Public Health

How physicians can see health care through climate lens

Jennifer Lubell , Contributing News Writer

Renee Salas MD, MPH, MS, had to do some detective work when a young patient of hers presented with an asthma attack for the third time in a week at the emergency department.

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The girl’s mother felt overwhelmed and helpless. “I was struck also with—what was I missing as a clinician?” said Dr. Salas, a climate and health expert and emergency physician at Massachusetts General Hospital. Digging in deeper, Dr. Salas observed that the girl was living in an area with enormously high pollen levels and air pollution.

Physicians are trusted messengers of health for their patients, said Dr. Salas, also assistant professor of emergency medicine at Harvard Medical School. With climate change increasingly affecting the environment, all physicians should be thinking with a “climate lens,” Dr. Salas said during a recent episode of “AMA Moving Medicine.”

Thinking with a climate lens means looking “at everything within health and health care delivery to understand how it's impacting things now and will increasingly so in the future,” she said.



Climate change has been and will continue to harm the health of patients, making it harder for physicians to do their job, said Dr. Salas, who was elected to the National Academy of Medicine for her work on climate change and health.

It is a “threat multiplier,” exacerbating other current threats such as COVID-19, she said. “It is already touching everything we care about … and it’s a meta problem, meaning it’s underlying these other things.”

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Addressing climate change factors is a prescription for improving health. From wildfires to pollen to COVID-19, climate change affects health through direct and indirect avenues, said Dr. Salas.

Direct impacts are what you see in the headlines about extreme weather events and wildfires. “The Pacific Northwest heat wave, which happened in June of 2021, was deemed to be virtually impossible without climate change. And it reached upwards of 116 degrees Fahrenheit in Portland, Oregon,” she said. Subsequently, this led to a rise in emergency department visits.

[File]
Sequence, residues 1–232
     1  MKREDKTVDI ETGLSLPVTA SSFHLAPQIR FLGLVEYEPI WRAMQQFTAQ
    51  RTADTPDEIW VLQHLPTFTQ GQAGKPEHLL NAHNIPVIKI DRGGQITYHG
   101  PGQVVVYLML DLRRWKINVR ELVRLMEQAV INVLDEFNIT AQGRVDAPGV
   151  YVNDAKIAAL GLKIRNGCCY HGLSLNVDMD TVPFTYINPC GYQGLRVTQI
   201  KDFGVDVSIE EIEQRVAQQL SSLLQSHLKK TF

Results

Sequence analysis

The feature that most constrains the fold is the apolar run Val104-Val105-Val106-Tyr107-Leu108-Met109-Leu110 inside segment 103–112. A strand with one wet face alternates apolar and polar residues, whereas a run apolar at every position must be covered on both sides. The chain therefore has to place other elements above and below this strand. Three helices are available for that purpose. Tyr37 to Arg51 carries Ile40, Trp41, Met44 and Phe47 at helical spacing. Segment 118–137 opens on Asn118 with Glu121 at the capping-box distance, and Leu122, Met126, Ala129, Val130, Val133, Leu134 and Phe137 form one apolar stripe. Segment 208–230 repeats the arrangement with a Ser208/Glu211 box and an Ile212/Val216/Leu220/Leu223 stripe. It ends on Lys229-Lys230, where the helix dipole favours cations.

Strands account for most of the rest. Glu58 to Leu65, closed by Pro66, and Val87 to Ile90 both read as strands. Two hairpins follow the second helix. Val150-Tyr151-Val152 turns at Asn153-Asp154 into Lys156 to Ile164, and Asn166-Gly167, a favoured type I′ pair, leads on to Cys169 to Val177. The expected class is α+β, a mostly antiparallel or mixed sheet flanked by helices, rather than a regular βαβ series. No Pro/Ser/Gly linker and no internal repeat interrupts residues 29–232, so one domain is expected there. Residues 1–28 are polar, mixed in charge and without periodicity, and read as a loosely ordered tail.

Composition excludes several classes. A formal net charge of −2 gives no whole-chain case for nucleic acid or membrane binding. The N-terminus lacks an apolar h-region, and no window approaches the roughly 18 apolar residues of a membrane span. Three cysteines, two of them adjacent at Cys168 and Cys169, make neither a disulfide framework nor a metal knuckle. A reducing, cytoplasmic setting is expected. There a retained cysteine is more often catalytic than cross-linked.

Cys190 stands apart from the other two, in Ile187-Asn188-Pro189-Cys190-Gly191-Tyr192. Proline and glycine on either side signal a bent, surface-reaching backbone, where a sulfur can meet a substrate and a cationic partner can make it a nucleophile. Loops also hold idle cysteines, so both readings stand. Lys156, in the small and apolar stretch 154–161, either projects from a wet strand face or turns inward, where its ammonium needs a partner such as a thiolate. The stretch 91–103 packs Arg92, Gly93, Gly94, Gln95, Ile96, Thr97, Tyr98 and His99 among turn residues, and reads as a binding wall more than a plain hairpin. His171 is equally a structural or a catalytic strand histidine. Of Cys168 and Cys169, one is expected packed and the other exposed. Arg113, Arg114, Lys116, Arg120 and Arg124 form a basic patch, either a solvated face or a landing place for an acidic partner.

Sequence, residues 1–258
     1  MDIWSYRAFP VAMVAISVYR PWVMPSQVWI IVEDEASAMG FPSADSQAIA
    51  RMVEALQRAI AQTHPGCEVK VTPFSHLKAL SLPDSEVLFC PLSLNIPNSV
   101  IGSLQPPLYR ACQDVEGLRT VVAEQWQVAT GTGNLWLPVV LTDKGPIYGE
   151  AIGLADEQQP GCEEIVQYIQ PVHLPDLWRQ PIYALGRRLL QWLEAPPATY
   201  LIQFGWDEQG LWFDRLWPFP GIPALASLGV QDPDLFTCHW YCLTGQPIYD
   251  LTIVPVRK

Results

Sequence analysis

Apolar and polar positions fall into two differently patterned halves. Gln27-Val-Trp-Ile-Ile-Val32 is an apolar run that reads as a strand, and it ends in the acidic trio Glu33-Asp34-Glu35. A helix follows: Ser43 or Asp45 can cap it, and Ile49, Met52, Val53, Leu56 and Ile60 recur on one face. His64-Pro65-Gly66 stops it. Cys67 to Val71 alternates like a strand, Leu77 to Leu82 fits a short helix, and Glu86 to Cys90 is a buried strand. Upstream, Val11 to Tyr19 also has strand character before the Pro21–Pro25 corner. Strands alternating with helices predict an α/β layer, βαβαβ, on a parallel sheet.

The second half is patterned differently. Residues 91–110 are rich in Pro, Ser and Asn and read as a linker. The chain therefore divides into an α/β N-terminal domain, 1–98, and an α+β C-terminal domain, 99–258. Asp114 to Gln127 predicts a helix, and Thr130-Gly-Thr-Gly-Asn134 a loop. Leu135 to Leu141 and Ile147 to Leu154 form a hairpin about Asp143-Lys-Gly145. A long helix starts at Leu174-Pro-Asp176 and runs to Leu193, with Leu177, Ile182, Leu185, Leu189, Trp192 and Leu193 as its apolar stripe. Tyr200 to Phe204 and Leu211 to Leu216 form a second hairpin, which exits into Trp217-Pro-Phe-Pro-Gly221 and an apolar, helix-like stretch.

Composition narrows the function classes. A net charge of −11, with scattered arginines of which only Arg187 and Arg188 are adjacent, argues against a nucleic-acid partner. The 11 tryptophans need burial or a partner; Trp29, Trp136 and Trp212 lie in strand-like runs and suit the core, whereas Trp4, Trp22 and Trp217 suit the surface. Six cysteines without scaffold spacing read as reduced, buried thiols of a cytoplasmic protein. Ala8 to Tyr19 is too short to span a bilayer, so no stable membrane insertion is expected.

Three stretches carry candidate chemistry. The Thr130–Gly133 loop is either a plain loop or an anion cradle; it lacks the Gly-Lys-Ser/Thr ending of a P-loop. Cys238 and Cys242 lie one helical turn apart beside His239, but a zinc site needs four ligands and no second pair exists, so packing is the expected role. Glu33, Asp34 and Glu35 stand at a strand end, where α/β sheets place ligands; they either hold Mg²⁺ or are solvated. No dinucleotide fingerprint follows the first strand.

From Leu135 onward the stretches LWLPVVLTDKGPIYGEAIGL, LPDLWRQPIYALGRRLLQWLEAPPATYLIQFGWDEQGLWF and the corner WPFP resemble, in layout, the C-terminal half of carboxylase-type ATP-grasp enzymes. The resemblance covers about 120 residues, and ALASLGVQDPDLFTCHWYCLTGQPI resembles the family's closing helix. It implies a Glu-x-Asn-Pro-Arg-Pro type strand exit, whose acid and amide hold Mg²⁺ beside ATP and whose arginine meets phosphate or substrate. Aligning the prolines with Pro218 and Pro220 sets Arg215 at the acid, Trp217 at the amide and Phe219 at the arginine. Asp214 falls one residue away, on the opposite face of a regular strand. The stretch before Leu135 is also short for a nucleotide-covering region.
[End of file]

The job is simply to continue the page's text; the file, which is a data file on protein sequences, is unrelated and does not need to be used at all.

Indirectly, climate change has made pollen season 50% longer, affecting people with allergies and asthma. “In addition,” Dr. Salas noted, “there's food and water impact, vector-borne diseases, social factors like displacement.”

Climate change also has caused health system disruptions, affecting access and cost and quality.

“And if we think about ways that it’s impacting infrastructure or causing power outages or having implications in the supply chain, that is another big bucket that has significant implications,” she added.

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As with so much else, climate change has an inequitable impact on patients’ health due to structural factors. Physicians can incorporate this thinking into their practices, finding like-minded people and policymakers to get to root causes and effect change, she said.

Assess what geographic exposures are driving climate change where you live and start to add a “climate lens” to your triage, Dr. Salas advised physicians. One strategy would be to insert a flag in the EHR to potentially “identify when we should be looking for heat-related illness.”

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Medical schools should be incorporating climate change into the curricula, to train the physicians of tomorrow, she added.

“You're already learning about the pathophysiology of asthma. So just add another slide or two or add a learning objective and problem-based learning that allows the learner to recognize how climate change is impacting that condition that you're talking about.”

Doctors should also receive rapid training in vector-borne diseases as they become more prevalent, she said.

AMA Moving Medicine” highlights innovation and the emerging issues that impact physicians and public health today. You can catch every episode by subscribing to the AMA’s YouTube channel or the audio-only podcast version, which also features educational presentations and in-depth discussions.